WASHINGTON — The oil industry’s leading trade group on Friday praised railroads’ plans to boost the safety of hauling crude across the country, but cautioned against other changes that could create new risks.
“There’s a lot of things we can do, but we’ve got to keep our eyes focused on the objective, and that is to improve safety to get to zero incidents,” said American Petroleum Institute President Jack Gerard, in an interview. “We’ve got to make sure we’re focused in that narrow band like a laser beam, and not on chasing other issues that may not have any positive impact on safety.”
Under a deal reached between the Transportation Department and the Association of American Railroads, oil trains carrying at least 3 million gallons of crude will slow down near big cities in an effort to reduce the risk of potentially devastating derailments. The group also pledged more inspections of thousands of miles of tracks increasingly being used to ferry oil from North Dakota and other states to Gulf Coast and Canadian refineries.
American Petroleum Institute President Jack Gerard said the voluntary agreement spurred by recent accidents in Philadelphia, North Dakota and Canada was “a positive step forward.” But, he added: “We’ll have to look closely now and see what does that actually do to advance safety, and how does it complement the other components that are being worked on.”
For the oil industry, lower speeds could remove one of the main advantages of moving crude by rail, which generally costs more than pipelines.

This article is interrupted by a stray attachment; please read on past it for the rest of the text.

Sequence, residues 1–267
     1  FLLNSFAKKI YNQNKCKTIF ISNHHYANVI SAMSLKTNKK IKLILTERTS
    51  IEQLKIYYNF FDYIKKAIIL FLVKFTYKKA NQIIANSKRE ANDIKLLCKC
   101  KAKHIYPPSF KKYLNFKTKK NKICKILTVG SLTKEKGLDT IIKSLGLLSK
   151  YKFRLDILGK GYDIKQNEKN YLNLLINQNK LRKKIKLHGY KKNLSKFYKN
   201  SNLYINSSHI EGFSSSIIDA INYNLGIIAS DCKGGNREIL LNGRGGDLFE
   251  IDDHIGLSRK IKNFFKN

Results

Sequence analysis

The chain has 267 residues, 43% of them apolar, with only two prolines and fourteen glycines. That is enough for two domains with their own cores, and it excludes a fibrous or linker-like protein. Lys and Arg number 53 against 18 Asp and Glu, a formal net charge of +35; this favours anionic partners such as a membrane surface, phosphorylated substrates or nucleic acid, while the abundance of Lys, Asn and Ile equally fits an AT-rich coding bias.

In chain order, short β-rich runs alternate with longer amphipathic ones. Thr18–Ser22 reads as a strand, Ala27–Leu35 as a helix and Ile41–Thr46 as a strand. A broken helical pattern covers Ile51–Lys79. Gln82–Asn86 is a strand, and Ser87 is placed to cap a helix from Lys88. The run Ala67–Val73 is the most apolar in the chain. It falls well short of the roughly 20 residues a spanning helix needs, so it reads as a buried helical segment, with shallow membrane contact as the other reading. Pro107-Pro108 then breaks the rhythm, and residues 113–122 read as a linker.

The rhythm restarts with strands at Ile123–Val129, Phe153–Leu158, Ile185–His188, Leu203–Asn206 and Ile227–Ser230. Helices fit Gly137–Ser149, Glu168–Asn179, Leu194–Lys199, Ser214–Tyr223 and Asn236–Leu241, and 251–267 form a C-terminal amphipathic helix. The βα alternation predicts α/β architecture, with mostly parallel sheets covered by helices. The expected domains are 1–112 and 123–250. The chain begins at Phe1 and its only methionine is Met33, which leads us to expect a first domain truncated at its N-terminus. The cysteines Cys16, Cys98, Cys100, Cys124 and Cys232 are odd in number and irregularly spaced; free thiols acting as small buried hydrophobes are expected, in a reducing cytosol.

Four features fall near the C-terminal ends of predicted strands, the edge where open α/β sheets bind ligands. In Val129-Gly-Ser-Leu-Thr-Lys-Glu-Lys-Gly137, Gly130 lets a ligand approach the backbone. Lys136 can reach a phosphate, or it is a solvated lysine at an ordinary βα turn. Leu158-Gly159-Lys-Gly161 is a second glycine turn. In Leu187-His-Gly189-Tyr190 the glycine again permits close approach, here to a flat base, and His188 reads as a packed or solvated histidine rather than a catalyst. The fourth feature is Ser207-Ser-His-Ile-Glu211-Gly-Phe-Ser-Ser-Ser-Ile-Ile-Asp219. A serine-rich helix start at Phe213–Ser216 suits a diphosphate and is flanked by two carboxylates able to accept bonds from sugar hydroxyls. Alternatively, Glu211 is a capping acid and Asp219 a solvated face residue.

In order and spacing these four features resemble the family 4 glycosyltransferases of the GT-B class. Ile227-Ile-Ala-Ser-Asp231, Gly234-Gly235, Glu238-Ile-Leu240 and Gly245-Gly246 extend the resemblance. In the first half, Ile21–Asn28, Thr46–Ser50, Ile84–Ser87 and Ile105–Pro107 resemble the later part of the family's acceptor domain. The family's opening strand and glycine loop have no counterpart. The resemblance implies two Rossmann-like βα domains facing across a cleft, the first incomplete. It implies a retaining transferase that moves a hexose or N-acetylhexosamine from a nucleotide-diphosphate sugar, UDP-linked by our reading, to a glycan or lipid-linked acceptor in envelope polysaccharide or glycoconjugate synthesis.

Transportation Secretary Anthony Foxx in January asked API and the railroads group to strategize ways to boost rail safety, focusing on preventing accidents in the first place, mitigating the damage from them and responding to the emergencies.
Some oil industry leaders are wary of possible new mandates for more robust tankers, after DOT-111 cars made before 2011 were deemed prone to rupture.
Gerard suggested that mandates for new tankers with thicker walls and ends could create new dangers, because each car would hold less product and more tankers would be needed to haul the same amount of crude.
“If you continue to allow the cars to derail, then you really haven’t resolved the safety consideration,” Gerard said. “You’ve just dealt with part of it — mitigation — without addressing the fundamental cause, or the root cause, which is the derailment in the first place.”
Gerard insisted a “holistic” approach was needed to boosting rail safety.
“We need to make sure we’re not just moving the risk up and down the transportation chain,” he said.